Muslims do it.
Even non-Christian religions do it.
Let’s do it. Let’s evangelize and disciple on the basis of something better (and more biblical) than a personal relationship with Jesus.
Cole Porter references aside, the 2012 Religious Congregations and Membership Study points to a pivotal insight that ought to urge us back to a more Scripturally faithful approach to evangelism and discipleship, namely:
When Christians evangelize and disciple on the basis of inviting people to a personal relationship with Jesus, not only do we undermine the fundamentally corporate nature of our relationship to God that is portrayed in the Scriptures, but we also inadvertently, grievously construe church as a stumbling block in our “personal” relationship with God.
Or, as Church of the Nazarene researcher Dale Jones puts it, his work on the 2012 study leads him to believe that “our chickens have come home to roost”:
Churches have talked about needing to have a personal relationship with Jesus Christ — what you hear is, ‘I need a relationship, I need to be born again,’ but not, ‘I need to be involved in a congregation.’ Guess what? That’s where we are.
Permit me to recast Jones’ insight into discipleship language, since our Work of Mercy focus for the month is Making Disciples:
“Born again” is a birth reference. When we are born again, we enter a new family and find ourselves enmeshed in a rich, deep family framework where God is father over the whole brood and Christ is not ashamed to call us brothers. In one of the least quoted verses in the New Testament, the Apostle John states very straightforwardly that the very sign of our being born again is love for our new brothers in our new family:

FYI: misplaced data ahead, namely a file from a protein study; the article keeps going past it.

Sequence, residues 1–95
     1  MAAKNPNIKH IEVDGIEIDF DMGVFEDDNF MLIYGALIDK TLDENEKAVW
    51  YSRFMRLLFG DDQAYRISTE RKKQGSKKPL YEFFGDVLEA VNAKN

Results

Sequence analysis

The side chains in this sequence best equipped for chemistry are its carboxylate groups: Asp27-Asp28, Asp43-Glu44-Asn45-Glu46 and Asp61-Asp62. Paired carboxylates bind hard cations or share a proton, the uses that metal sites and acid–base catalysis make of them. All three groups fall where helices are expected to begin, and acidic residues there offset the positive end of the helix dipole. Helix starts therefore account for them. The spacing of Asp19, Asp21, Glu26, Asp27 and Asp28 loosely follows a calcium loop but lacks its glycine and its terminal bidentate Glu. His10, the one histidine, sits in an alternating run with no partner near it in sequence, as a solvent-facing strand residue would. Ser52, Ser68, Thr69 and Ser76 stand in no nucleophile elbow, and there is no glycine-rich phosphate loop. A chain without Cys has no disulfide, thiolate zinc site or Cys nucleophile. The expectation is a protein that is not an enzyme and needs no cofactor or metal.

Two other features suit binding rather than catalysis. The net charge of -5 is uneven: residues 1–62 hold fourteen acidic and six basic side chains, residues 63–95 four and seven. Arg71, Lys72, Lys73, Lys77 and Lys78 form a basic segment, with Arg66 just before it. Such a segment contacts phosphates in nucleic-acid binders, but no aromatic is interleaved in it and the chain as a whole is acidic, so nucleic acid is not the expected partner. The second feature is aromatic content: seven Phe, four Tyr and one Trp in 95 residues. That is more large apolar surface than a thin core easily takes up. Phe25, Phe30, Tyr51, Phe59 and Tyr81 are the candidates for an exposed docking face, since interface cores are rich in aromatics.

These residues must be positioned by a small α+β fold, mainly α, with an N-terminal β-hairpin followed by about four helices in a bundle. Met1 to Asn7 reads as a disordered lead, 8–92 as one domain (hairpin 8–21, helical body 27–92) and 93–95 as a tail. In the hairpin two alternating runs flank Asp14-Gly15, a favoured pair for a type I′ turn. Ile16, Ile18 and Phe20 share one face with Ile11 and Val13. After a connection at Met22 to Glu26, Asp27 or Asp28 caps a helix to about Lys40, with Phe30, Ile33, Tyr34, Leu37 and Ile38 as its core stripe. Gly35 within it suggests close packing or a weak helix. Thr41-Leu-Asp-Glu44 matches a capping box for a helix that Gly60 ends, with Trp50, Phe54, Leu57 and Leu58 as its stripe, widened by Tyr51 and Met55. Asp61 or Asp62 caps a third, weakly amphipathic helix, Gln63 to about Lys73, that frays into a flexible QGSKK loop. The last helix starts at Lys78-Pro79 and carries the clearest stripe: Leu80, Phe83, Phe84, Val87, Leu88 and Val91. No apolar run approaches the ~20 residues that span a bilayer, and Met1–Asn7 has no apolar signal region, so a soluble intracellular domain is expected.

We know that we have passed out of death into life, because we love the brothers.
John is talking here about brothers, not neighbors, as is made clear by his reference to Cain in the wider 1 John 3:11-18 passage. It is doubtful he would be much sympathetic to Christians explaining their absence from the weekly family dinner known as the Lord’s Supper by noting that our brothers and sisters in Christ are “a bunch of hypocrites.”
As ensconced as it is in the parlance of modern evangelism, the Scripture does not use “personal relationship with Jesus” language. And this is of course not because it commends or even comprehends an impersonal relationship with Jesus. (Parenthetical note: the “Lord, Lord” passage is not about Christ’s spurning of someone who has an “impersonal” relationship with him but rather of someone who claims a relationship but does not obey him.)
Instead, it is because just as your family is at the center of your heart, God’s family is at the center of his. A family in which the children have personal relationships with the father but no relationships with each other is not a very good family, as I can personally attest from my experience with my birth family. Instead, a very good family is one where all the members enjoy rich, deep, full, loving, caring relationships with each other, according to the rules of the house laid out by the father.